In Drew Hayden Taylor’s gripping play, a residential-school survivor comes face-to-face with the Anglican minister she believes sexually abused her.
God and the Indian
Aki Studio (585 Dundas Street East)
Runs to May 17
$15 – $25
God hasn’t been good to the Indian. That is, if by “God” you mean Canada’s Anglican, Catholic, and United churches; and if by “Indian” you mean the indigenous peoples. As we now know all too well, for more than a century this country’s church-run residential school system not only practised cultural genocide, forcing thousands of indigenous children to assimilate into a Christian, Eurocentric society; it also ran rife with neglect, cruelty, and physical and sexual abuse.
God and the Indian by First Nations playwright Drew Hayen Taylor, currently receiving its Toronto premiere from Native Earth Performing Arts in the Daniels Spectrum’s Aki Studio, has arrived at the right time. It comes only weeks before the Truth and Reconciliation Commission will finally wrap up its seven-year inquiry into the residential schools. (A closing event is being held May 31-June 3 in Ottawa.) But, as this play reminds us, there’s still a lot of healing to be done.
Taylor’s drama imagines a confrontation between an Anglican minister who once taught at a residential school and a former student who accuses him of sexually abusing her. But while it deals with events in the past—the Beatles’ wistful song “Yesterday” ends up taking on an ironic and chilling meaning—it also makes palpable the gulf that still exists between the privileged white society that created the schools, and the indigenous people whose lives they destroyed.
George King (played by Thomas Hauff) is a robust, dapper, late-middle-aged white man who adores his family and loves a good cup of coffee. A faithful servant of the Anglican Church, he’s just been elevated to the post of assistant bishop. His accuser, who calls herself Johnny Indian (Lisa C. Ravensbergen), is a sick, scruffy, homeless First Nations woman who can barely beg enough change for a bottle of cheap sherry. Their two worlds collide after he deigns to visit a Tim Hortons and she spots him from her curbside post outside the store.
Barging into his office, Johnny claims she knows King from a school called St. David’s. King doesn’t recognize her, but freely admits to teaching there briefly some 40 years ago. Johnny, however, thinks he did more than that—she has traumatic recollections of nighttime visits to the girls’ dormitory by a pedophilic teacher who was fond of crooning “Yesterday.”
King insists it wasn’t him—for one thing, he preferred folk music—but then, he’s got a lot to lose if such criminal conduct were exposed. At the same time, Johnny’s memory could well be faulty. After all, she’s spent a hard life blighted by alcoholism, and her erratic behaviour suggests she could be mentally unstable. When King tries to get her help, she unplugs the office phone, pockets his cell, and pulls out a gun.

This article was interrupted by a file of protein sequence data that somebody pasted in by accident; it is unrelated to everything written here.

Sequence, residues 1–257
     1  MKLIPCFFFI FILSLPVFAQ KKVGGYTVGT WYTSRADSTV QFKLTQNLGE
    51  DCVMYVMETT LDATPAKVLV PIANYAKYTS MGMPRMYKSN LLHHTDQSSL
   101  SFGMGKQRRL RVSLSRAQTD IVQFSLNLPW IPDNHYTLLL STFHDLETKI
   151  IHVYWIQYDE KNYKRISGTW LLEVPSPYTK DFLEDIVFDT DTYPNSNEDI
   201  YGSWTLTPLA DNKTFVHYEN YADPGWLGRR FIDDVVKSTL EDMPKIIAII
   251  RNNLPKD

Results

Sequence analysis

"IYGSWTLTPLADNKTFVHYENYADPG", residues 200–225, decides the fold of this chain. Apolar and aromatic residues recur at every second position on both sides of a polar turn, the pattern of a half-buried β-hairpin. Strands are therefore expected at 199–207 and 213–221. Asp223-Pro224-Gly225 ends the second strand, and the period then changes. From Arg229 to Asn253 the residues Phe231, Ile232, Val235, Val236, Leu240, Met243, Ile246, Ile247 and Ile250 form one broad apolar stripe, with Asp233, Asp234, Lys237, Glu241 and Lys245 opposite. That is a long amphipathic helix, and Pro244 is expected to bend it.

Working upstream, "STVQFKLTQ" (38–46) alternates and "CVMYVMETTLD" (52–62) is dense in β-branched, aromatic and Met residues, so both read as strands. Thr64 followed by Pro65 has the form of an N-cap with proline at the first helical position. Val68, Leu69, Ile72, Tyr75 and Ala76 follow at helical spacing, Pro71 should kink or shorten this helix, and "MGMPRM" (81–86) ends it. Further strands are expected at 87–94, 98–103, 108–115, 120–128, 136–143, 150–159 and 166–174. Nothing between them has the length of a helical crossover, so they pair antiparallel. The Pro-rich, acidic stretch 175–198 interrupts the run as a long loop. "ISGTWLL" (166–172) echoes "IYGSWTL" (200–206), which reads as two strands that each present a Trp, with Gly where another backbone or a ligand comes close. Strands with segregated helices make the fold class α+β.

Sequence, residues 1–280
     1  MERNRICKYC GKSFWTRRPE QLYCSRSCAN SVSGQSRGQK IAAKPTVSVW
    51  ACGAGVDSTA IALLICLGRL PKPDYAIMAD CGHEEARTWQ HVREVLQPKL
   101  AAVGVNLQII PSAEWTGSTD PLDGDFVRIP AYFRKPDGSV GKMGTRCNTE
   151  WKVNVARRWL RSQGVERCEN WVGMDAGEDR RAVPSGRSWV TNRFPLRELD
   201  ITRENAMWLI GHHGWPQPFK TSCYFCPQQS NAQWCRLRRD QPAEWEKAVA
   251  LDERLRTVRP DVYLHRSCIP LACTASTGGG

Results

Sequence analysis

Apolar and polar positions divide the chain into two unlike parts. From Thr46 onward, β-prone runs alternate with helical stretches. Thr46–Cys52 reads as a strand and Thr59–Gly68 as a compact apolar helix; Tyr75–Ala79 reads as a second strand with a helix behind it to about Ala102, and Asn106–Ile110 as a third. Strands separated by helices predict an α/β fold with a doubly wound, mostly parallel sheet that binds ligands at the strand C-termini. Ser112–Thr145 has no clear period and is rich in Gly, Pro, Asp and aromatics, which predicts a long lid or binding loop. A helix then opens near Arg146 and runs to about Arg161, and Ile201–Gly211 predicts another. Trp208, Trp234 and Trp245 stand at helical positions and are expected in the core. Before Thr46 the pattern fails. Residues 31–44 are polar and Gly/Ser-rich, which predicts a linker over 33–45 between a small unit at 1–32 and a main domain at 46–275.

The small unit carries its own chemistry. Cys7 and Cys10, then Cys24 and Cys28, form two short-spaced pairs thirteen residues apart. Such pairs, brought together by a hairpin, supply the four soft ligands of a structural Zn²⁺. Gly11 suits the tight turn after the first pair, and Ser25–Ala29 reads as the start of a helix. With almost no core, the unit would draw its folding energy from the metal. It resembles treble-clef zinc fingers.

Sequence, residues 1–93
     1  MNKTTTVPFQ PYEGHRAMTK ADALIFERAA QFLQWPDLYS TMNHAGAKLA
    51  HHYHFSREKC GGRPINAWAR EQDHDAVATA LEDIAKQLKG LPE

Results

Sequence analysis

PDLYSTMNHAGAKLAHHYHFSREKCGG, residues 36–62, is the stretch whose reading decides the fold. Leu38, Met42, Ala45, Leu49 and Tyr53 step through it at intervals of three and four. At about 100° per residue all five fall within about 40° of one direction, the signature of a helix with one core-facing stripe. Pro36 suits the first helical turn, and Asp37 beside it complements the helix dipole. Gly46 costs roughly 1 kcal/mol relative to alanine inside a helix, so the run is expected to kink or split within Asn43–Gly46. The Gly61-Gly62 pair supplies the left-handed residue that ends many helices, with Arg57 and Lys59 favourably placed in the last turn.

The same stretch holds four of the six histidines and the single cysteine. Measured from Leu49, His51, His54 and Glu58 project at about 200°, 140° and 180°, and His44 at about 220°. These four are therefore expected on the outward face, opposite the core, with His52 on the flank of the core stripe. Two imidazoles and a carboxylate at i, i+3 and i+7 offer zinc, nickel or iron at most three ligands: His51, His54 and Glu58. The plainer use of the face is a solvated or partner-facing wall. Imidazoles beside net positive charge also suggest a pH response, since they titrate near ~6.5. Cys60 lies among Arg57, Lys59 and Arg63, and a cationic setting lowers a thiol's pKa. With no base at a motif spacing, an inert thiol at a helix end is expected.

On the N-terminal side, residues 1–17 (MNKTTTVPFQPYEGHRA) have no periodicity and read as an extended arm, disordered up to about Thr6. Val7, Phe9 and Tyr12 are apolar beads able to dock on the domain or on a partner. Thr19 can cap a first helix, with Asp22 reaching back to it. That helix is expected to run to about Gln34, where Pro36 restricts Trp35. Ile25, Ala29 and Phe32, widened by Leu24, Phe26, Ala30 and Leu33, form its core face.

While the mystery of whether King really was Johnny’s abuser drives the plot, it’s not Taylor’s main concern. His real focus is on the damage that was done. As Johnny reveals the downward spiral of her life, which began not just with the abuse, but with the mysterious death of her little brother in the school’s custody, we get a sad but familiar picture of an individual left disconnected from her roots and marginalized by society, who numbs her pain with booze. We’d be profoundly depressed if Johnny wasn’t so sharp and witty. She may be ailing and desperate, but that doesn’t stop her from taking funny digs at Anglican depictions of a blond, blue-eyed Jesus, or jokingly discussing the merits of Lysol as a buzz. “Your breath smells pine fresh,” she informs King.
Taylor—who is himself, in his own words, a “blue-eyed Ojibway” (he’s part Caucasian)—is a humorist as well as a playwright, and is known for applying a light touch to serious subjects in plays such as the Dora Award–winning Only Drunks and Children Tell the Truth. That stands him in good stead here, where the subject would be overwhelmingly bleak if it weren’t for those occasional rays of comedy—black comedy though it may be. And in Johnny, he’s written a powerful part for an older First Nations actress.
Tantoo Cardinal originated the role when God and the Indian had its 2013 debut at Vancouver’s Firehall Arts Centre. For this revised version, a co-production with Firehall (where it returns later this month), we have B.C.-based actress Ravensbergen, who is less well known but no less talented. Her Johnny is stunningly effective. Stringy haired, wrapped in the multiple layers of clothing of someone who lives on the street, she hobbles about painfully but remains mentally nimble. She often seems less angry than bitterly sardonic, which is likely what you become when you no longer have much hope of any kind of reparation—or happiness—in this life.
Hauff is well-cast as King, giving a degree of mild-mannered likability to an otherwise irritable and impatient character. But, on opening night, the actor occasionally had a slippery grasp on his lines. (You’d like to think his confusing “Catholic” and “Anglican” at one point is a sly joke on the part of Taylor—hey, the white man’s religions all look the same—but I’m afraid it’s not in the script.)
Director Renae Morriseau’s staging is sometimes awkward, while Lauchlin Johnson’s set and lighting are serviceable but could make better use of a subtle effect that has ghostly images from Johnny’s school days—her dorm bed, Christmas oranges—briefly appear in the windows of King’s office. These complement a supernatural theme that Taylor weaves throughout the play, which culminates in a weak O. Henry–style ending. It’s an unsatisfactory conclusion to what is otherwise a gripping play.